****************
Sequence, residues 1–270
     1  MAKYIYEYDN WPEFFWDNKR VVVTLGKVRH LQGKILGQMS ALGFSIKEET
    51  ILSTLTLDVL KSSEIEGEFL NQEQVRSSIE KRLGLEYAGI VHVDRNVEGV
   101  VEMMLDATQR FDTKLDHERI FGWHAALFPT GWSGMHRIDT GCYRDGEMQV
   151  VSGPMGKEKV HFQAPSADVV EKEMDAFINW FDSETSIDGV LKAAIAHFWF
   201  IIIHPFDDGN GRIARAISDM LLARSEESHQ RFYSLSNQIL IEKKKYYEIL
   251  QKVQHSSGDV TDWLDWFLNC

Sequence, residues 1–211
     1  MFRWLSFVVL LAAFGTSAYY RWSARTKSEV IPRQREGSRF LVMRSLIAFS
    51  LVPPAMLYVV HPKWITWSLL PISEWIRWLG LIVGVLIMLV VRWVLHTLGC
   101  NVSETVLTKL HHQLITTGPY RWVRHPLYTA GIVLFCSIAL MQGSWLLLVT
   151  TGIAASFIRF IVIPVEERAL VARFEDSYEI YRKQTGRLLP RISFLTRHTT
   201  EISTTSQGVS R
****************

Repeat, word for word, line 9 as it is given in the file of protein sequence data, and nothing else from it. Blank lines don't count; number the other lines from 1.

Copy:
     1  MFRWLSFVVL LAAFGTSAYY RWSARTKSEV IPRQREGSRF LVMRSLIAFS